I took on the Cotswold 100 miler the other week, 21st September. It’s a new race on the Ultra Calendar organised by Kurt Dunsterhoff from Cotswold Running. I’d heard good things about Kurts races from a buddy of mine, Mark (JW ULTRA) Lynock.
I was really looking forward to it after the debacle of my last race (See previous blog), although I very nearly didn’t make the start as my daughter was taken into hospital two days before the race with an infection around the lining of her heart & something called Cardiac Tamponade. At only 21yrs old this absolutely terrified me & I only got 4hrs sleep in the 48hrs before the race. Not exactly the best race prep but it doesn’t matter how old they are, you’re still their dad.
Starting outside the Village Hall in Chipping Camden, it took on the whole of the Cotswolds Way & finished just outside the Abbey in Bath.
However, this being the first race, it wasn’t without its teething problems. The official bus bringing runners from the finish to the start line broke down & delayed the start of the race by 30mins. Kurt took it nicely in his stride & didn’t fluster at all. (Well not outwardly anyway)
At 12:25 we all assembled outside & listened to the last minute directions about the right turn ahead & at 12:30 we were off. Taking it nice & steady to start off with I had a sub24hr finish in mind but within 5mins I had my first little hiccup. I realised that my Ambit wasn’t tracking any distance. Running with a gps doesn’t make you any faster or slower but it just gives me a reassurance about my distance when I need it. Quickly stopping & resetting my watch took about 5mins & by then 99% of the field had ran past me. Once it was working again, off I trotted & slowly made my way back up the pack.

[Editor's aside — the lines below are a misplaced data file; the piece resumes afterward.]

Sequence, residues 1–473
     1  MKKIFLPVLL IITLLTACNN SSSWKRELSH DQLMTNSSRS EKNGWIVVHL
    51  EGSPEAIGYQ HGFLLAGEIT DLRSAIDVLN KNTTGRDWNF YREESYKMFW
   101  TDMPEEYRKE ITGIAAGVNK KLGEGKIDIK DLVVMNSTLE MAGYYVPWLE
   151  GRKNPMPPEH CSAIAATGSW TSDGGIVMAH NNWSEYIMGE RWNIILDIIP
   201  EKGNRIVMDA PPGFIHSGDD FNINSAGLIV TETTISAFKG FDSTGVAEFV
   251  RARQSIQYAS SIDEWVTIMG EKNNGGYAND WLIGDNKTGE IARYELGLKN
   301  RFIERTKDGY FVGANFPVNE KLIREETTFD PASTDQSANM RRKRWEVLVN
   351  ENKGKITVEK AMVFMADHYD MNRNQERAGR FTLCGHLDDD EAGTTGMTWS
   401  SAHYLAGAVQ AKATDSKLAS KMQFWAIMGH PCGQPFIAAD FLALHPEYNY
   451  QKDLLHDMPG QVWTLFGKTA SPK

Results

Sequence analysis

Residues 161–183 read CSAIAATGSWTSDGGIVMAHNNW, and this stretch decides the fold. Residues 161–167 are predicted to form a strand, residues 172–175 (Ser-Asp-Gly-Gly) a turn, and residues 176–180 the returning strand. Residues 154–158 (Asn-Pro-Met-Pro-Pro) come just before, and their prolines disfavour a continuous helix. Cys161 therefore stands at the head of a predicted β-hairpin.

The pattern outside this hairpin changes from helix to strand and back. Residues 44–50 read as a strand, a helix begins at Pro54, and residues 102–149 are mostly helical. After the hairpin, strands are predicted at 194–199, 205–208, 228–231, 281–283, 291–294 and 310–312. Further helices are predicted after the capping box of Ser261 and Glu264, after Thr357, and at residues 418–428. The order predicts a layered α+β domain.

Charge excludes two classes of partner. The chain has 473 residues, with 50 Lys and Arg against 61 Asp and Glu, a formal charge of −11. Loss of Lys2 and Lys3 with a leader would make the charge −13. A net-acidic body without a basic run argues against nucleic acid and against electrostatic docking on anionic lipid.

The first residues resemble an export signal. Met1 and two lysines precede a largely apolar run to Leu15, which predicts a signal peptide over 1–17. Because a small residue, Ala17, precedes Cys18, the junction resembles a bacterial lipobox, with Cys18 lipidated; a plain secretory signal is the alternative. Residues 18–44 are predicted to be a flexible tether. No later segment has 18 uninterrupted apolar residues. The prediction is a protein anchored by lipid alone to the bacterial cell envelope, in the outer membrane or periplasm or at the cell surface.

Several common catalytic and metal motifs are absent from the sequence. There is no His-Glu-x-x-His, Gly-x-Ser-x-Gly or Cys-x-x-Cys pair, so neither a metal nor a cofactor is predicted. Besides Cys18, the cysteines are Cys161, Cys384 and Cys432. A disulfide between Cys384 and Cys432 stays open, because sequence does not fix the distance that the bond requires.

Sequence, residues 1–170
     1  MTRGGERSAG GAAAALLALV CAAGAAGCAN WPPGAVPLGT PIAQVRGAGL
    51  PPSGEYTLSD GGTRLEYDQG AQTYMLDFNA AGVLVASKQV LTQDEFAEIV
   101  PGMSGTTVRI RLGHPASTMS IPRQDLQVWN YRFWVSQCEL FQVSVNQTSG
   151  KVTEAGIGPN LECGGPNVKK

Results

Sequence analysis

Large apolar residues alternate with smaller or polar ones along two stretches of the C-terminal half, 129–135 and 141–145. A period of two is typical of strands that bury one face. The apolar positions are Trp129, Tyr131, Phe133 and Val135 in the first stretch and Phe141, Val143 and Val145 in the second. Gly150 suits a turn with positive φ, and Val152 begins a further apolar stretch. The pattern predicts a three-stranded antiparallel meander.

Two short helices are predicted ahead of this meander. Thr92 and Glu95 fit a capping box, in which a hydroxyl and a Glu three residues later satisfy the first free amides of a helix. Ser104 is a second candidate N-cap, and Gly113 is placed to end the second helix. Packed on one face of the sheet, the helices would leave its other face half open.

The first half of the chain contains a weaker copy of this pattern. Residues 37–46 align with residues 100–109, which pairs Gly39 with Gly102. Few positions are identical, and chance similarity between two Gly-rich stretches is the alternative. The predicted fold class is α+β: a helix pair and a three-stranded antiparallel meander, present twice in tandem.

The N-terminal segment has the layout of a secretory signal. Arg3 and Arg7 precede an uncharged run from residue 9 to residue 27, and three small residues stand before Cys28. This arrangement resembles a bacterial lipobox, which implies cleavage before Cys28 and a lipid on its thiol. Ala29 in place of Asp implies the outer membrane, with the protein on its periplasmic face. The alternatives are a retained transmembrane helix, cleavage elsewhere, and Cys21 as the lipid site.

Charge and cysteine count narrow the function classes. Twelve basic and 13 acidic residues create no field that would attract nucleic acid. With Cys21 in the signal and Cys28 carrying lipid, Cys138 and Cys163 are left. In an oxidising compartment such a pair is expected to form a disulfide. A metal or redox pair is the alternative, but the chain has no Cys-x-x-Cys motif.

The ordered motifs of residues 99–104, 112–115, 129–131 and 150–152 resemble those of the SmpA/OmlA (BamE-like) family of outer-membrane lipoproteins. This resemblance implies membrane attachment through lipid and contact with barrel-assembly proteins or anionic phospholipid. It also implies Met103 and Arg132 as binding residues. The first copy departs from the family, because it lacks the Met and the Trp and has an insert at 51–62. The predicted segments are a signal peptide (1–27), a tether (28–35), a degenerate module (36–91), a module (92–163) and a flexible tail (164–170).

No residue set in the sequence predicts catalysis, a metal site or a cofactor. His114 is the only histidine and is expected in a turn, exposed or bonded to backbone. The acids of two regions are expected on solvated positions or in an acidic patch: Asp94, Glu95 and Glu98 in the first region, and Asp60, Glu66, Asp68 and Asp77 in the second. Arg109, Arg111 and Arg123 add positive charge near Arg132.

Through to CP1 approximately 12miles on & I already knew it wasn’t going to be my day as I had already gone through all 2lts of my water & had to walk in the last couple of miles so I didn’t get too thirsty. This was to set the scene for the rest of my race. The lack of sleep over the previous couple of days had just caught up with me & I knew this was just going to be a “Grind it out” type of race.
Head down & carrying on, we were all told about a Hornets nest further up the trail by a road crossing near to an Indian Restaurant. On I ran & soon came to the crossing but couldn’t see any hornets nest so ran on through. Soon came across it though but managed to get away with only the one sting on my arm. I’d just passed a runner a little further down the hill so I waited for him & shouted down to avoid the tree the nest was in.
Moving on towards the next CP & I had ran out of water yet again, cue another 2 mile walk…. Into the CP, quenched my thirst & filled up my bladder & off I went again. This was turning more into a route march than a run now & I was just using the opportunity to brush up on my map reading skills. Which brings me onto another point, the amount of runners I saw getting lost or just blindly following others was staggering. Honestly folks, if you’re going to run these races, then learn to read a map. I’m not the Worlds best but give me a map & a compass & I hope I can get myself from point A to point B without getting lost.